Low fuel pressure can result in a lean mixture in your engine, which causes misfires on all the engine's cylinders.
If you have trouble codes for misfires on your cylinders, then you will want to investigate your fuel pressure and the fuel pressure regulator.
Air-to-Fuel Ratio Imbalance
Another common cause of a car misfiring can be attributed to an air-to-fuel ratio imbalance within the internal combustion chamber. This means that there is not enough fuel and too much air that is being mixed together.
For the combustion to be successful in your engine, the mixture needs to have more fuel than air; otherwise, you may notice a misfire when your engine idles. However, when you accelerate faster, the symptoms of your car's misfire will go away.
An air-to-fuel ratio imbalance can occur as a result of:
- A bad fuel pump
- A bad airflow sensor
- Or a clogged fuel filter
If you have checked all of the above causes and still cannot find out why your car has a misfire, then there could be a risk that your engine has low compression.
A faulty timing belt adjustment can cause low compression, which results in an engine misfire. If you have recently changed your timing belt, then ensure it was installed correctly.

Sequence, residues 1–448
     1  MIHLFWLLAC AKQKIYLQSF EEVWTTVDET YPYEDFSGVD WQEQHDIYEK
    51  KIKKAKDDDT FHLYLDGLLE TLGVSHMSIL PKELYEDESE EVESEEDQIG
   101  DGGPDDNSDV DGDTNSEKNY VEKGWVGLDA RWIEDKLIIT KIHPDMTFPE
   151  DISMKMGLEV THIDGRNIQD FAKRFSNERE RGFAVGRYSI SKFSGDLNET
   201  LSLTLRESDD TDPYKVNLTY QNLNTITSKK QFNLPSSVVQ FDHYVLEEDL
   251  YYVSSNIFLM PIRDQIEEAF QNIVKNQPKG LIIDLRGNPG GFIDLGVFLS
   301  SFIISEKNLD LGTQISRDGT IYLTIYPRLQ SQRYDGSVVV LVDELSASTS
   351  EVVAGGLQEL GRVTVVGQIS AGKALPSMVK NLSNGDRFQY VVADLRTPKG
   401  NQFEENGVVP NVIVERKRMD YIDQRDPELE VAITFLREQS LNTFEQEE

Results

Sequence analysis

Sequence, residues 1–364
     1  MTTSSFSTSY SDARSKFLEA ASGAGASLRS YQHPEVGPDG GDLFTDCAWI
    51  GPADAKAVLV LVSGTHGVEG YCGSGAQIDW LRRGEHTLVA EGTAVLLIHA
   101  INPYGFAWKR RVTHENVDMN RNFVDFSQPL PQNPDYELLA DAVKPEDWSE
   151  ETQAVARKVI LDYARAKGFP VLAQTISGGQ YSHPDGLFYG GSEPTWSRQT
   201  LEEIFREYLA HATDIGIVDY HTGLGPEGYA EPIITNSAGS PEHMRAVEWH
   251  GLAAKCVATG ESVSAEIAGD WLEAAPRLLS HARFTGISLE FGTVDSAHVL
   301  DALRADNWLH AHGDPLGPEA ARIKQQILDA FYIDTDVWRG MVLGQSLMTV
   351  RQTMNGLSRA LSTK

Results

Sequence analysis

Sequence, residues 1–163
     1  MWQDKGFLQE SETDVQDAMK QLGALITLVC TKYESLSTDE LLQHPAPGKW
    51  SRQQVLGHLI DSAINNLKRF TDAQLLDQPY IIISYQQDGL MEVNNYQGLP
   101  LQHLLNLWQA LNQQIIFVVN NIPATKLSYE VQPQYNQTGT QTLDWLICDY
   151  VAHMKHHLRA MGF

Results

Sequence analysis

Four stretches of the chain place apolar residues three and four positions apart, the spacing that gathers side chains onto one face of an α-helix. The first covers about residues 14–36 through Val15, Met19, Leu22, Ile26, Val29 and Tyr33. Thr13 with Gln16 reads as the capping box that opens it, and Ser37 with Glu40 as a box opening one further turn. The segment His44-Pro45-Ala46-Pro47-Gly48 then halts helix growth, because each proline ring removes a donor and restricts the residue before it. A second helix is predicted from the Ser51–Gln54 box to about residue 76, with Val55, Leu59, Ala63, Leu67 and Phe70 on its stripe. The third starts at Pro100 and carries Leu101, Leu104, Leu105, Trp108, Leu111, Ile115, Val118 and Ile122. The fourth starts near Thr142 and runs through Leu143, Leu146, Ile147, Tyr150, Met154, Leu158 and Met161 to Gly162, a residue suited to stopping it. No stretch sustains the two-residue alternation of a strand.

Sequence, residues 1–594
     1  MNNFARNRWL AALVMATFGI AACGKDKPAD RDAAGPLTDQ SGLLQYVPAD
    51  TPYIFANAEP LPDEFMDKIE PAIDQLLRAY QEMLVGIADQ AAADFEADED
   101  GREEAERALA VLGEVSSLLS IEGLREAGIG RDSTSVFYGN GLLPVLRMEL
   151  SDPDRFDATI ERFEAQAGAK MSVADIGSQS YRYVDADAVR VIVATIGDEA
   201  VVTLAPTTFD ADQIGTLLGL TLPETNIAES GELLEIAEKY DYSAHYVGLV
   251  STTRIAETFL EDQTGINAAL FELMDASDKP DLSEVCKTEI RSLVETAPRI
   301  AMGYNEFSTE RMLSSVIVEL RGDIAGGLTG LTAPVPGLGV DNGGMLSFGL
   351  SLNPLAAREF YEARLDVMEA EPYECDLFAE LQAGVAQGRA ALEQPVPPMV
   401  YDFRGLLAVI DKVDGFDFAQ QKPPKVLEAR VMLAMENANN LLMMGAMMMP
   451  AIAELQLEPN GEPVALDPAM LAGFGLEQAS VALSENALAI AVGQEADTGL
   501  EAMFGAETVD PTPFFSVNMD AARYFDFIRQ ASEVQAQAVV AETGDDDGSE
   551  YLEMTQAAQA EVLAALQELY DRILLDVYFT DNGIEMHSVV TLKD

Other causes of low compression include:
- Worn or Damaged Piston Rings
- Worn or Damaged Pistons
- Faulty Valve or Valve Seals
- Wrong Camshaft Timing
- Cleaned Cylinder Walls
- Cracked or Damaged Cylinder Walls
- Worn or Damaged Head Gasket
- Faulty Hydraulic Lifter
Control Circuit Problems
All of the input and output engine management devices, including the sensors and ignition coil packs, are connected with electrical circuits where necessary. Problems can occur within these circuits, such as a loose connection or damaged wiring that can cause a car misfire.
The Cost to Repair a Car Misfire
The repair costs on an engine that is misfiring are going to depend on the cause of the misfire. A few dollars can replace a faulty spark plug (if that is the problem), or you may need to pay a couple of hundred dollars if you need to replace your fuel injection system. On average, you could pay between $300 to over $1,000 for your misfire repair.
If you find that the repair costs related to the cause are beyond your financial means, it sometimes works out better to junk your vehicle and replace it with a new one. Using a junk car removal service like Cash Cars Buyer will help you put money back in your pocket as you sell your damaged vehicle as is to them and move onto something more efficient and reliable.